As for the museum in Slivovice, you opened it after an expensive reconstruction, just before the first wave of covid broke out. And now – is it a litmus test that the world, thought after covid, returns to normal, that tourists also return?
It’s a good litmus test. It was a huge investment for us, not only financially but also personally. We opened in February 2020 and had to close in two weeks. High expectations, it was zero. It can now be seen that some tourists are returning to Prague. It is incomparable with the situation in 2019 and before, but it is more optimistic. But there is also a different structure of visitors. There are more tourists from destinations accessible by car, plus there are many tourists from Spain and Italy. But regarding covid, I would like to say one thing… I think as a state and a society we couldn’t do one thing – I expected some sort of correction, settlement of values of life. Slow down, you’ll have to think. But I have to say my least pleasant impression of covid is that it has gotten extremely worse. As a result, everyone feels that they have the right to be well and that someone must meet their needs, take care of them, whether it is the State or the company.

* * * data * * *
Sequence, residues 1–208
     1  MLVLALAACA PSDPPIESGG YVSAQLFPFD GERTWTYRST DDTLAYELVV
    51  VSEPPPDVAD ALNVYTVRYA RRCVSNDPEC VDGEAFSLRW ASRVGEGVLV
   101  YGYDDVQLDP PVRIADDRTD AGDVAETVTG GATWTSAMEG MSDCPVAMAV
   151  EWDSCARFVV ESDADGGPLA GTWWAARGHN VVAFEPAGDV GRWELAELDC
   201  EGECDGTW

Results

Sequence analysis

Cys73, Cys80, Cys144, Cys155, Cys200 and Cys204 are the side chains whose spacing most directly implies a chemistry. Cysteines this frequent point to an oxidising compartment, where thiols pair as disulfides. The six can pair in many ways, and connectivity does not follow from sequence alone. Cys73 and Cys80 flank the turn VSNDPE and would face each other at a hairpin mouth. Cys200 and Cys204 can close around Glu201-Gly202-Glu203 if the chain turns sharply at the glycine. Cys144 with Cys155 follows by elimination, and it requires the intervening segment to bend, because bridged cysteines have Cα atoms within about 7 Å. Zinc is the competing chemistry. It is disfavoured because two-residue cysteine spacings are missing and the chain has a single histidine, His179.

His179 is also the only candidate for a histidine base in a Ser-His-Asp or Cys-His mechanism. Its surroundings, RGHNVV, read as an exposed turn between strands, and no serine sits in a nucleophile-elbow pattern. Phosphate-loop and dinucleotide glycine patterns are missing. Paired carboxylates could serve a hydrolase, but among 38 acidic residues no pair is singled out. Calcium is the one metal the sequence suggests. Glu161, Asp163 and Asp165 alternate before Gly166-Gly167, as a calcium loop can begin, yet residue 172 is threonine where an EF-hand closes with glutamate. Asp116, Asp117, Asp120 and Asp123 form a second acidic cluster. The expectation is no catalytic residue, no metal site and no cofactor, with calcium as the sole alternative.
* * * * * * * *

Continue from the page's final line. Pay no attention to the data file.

The previous government went a long way against this…
It’s true, I’m disappointed. If today in the tragic situation with Ukraine I am looking for something positive – perhaps I am once again a great idealist – I hope that an improvement in values between people and society can take place. I see that the company wants to help a lot and I want it to last as long as possible. We are in a situation where, without any discussion, we are all going to have to tighten our belts, and I would not want even more populists to catch it than those who ruled here until recently. Now, on the contrary, I see that we finally have a Prime Minister who acts and decides on values. It is a very important thing.
Listen to the entire conversation on all available podcast apps (Spotify, Apple Podcasts, SoundCloud and Google Podcast). It was not only about the effects of the war, but also about climate change, the cultivation of pears in Chile, taxes and the adoption of the euro.